Tag Archives: urban agriculture

topsy turvy tomatoes

9 May

Last year they got rid of the taps on our allotment, meaning all our water now has to come from a tank and we can no longer use the hose pipe. This has made The Man and I much more mindful of the amount of water we use, mainly because we now have to carry it and I decided to have a go at alternative ways of planting to reduce how much water we need to use and carry, good for us and a little better for the environment. So take selection of household items,

and you too can make one of these;

an upside down tomato planter.

It was quite easy to make and time will tell how well it works, but it should reduce the amount of water needed to feed the plant and would be a great space saver.

To make one you will need; 1 large plastic bottle, duct tape, a chopstick, string, scissors and compost. Be warned it is a bit fiddly!

Cut the bottom off the bottle and poke some small holes in it, you will need this later. Next make holes in the side of the bottle to pass the chopstick through, this will be what you attach the string to hang it up with. Then, VERY GENTLY feed the tomato plant through the neck of the bottle, use some rolled up news paper to help stop the plant falling through. Hang the bottle up in your chosen spot and fill with compost and wedge the inverted bottom back in the body of the bottle; it will act as a drip feeder. Lastly wrap the whole lot with the tape to hold it all together and protect the roots from the light. Feed and water regularly and keep your fingers crossed!

The kids are alright!

13 Dec

Last weekend me and The Man were involved in the first good for nothing a day which saw three amazing causes and a whole host of creative people come together matching skills with needs and seeing how much we could together in 24 hours. The cause we decided to work on was Global Generation an organisation dedicated to giving young people opportunities and helping them play a part in creating a sustainable future. Based in and around Kings Cross they have developed roof gardens with companies based in the area and have a campsite in Wiltshire which gives the young people they work with a chance to spend time on an organic farm in a very rural area, a sharp contrast to the area they live in.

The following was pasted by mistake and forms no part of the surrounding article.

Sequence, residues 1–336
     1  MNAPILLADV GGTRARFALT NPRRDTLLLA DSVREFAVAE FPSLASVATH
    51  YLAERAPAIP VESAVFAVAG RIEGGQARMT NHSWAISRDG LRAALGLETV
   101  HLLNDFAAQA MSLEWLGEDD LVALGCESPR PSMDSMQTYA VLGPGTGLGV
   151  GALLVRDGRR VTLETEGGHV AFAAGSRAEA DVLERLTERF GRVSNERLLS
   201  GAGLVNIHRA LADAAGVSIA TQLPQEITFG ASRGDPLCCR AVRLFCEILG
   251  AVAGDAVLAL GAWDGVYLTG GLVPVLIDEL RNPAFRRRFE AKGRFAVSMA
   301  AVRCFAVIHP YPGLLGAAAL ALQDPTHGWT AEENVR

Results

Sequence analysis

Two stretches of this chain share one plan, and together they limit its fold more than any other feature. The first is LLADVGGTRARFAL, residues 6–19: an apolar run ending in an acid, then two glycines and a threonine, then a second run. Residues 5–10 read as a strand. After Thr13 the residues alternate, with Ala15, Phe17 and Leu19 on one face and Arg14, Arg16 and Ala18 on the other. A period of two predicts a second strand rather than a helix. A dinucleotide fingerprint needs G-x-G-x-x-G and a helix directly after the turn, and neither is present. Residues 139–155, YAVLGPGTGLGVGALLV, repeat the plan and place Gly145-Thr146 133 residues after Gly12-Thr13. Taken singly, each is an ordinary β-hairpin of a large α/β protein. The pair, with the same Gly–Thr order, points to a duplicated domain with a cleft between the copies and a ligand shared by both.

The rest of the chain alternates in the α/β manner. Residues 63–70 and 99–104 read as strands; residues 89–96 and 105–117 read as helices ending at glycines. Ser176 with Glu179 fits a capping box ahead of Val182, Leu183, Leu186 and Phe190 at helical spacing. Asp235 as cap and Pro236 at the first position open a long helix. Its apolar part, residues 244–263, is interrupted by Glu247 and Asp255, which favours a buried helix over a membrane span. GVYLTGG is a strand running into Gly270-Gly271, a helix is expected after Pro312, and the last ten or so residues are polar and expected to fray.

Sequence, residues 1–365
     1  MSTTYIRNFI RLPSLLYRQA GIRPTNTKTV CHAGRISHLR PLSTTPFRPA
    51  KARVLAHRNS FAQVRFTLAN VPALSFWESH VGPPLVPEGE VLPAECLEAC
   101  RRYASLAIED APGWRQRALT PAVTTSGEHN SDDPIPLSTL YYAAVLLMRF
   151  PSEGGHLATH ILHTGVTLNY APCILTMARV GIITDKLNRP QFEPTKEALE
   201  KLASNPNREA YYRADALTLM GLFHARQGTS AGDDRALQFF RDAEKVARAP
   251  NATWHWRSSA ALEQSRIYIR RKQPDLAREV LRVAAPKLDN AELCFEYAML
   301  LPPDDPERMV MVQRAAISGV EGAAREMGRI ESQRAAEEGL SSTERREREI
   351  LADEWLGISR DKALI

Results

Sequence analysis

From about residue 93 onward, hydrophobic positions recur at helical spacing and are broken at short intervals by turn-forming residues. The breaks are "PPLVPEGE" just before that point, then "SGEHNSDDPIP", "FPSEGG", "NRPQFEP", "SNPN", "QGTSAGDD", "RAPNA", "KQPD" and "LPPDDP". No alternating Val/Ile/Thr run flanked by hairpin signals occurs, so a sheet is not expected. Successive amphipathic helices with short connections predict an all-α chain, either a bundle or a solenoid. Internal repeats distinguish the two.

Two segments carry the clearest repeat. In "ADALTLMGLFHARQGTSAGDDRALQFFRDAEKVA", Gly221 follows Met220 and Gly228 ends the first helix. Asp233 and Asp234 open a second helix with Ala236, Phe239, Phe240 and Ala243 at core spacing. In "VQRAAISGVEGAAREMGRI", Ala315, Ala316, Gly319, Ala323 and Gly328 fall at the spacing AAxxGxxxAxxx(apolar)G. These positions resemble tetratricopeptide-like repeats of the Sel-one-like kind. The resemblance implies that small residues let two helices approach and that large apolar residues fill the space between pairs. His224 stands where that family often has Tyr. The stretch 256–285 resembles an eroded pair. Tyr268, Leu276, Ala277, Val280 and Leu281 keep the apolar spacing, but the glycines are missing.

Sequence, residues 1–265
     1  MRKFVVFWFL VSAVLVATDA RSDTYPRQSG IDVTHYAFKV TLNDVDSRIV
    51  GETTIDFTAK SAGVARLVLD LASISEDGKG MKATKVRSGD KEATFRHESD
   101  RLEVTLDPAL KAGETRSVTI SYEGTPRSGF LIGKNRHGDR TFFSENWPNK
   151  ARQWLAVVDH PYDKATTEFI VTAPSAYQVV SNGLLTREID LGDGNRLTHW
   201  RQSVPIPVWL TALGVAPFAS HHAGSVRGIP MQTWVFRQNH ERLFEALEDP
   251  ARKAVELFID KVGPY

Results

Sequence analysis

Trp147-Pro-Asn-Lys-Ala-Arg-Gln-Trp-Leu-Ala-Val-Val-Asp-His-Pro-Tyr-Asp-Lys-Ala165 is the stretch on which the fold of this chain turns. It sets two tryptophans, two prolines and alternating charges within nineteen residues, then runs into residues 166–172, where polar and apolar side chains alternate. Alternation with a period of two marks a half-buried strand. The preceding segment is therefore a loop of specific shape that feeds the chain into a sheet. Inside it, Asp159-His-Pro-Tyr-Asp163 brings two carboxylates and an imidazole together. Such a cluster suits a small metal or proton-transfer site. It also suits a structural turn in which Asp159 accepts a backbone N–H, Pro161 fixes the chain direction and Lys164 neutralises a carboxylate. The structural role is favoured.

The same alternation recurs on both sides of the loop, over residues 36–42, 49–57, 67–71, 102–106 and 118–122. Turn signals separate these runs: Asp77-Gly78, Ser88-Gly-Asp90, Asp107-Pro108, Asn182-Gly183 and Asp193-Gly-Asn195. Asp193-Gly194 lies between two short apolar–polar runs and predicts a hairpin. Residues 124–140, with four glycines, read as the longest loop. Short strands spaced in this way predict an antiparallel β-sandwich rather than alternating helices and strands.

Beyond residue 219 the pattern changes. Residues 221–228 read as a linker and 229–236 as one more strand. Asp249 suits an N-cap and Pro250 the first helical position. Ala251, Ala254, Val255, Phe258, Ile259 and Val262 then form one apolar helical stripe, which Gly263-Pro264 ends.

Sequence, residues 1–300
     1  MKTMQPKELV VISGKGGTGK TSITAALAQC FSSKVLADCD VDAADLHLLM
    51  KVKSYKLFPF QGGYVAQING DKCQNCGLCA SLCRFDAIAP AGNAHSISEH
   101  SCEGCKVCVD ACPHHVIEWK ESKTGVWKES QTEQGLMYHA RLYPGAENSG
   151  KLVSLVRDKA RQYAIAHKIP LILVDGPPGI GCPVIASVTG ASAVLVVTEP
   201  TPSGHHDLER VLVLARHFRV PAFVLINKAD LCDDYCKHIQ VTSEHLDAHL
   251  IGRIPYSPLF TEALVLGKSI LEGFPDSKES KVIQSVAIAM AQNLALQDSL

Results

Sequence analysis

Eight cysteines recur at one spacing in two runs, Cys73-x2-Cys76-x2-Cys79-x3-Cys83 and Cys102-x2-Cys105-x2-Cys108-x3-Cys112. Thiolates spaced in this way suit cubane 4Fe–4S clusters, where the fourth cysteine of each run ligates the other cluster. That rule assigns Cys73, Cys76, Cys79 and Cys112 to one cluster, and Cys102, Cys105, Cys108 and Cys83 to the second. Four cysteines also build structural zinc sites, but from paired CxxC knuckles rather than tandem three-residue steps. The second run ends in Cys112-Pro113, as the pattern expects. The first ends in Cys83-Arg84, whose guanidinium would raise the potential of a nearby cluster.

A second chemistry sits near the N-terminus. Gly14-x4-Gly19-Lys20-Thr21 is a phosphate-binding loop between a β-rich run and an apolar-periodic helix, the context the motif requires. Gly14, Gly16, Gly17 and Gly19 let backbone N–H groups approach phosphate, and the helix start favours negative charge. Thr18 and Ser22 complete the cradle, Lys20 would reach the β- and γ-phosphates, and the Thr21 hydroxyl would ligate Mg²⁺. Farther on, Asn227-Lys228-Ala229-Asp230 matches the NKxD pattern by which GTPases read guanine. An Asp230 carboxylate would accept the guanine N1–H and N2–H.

The day started with a visit to their skip garden, in the middle of the Kings Cross station building site.

I was so impressed by the work they do there, all the skips can be moved and run on  a crop rotation system, the team also have an arrangement with the canteen at the Guardian so the young volunteers or “generators” can hone their business skills and confidence selling produce to the chef.

It was very cold, and there was still snow on the ground but there was still an impressive variety of crops growing, more than on our allotment! Urban agriculture is something I’m really interested in and it was great to see the innovative use of space and diversity of things being grown.

We were given a tour of the site by one of the generators and then headed back to base to get working on the briefs for each project. The Man and I worked with some of the young people on their Facebook and twitter presence so they could communicate more easily and quickly with a wider group of people; whether that is young people uploading photos from their phones or letting people know about open event’s at Global Generation’s sites. Hopefully it will be sustainable, easy to manage and take their work to a wider audience.

The day was very busy on and my head was spinning by the end of it, but it was brilliant to be part of something which made a real difference in a short space of time as well as helping a cause I feel passionately about and the young people were a joy to work with. You can find out more about  Global Generation at their website and now you can follow them on twitter have a look, they really are rather wonderful!

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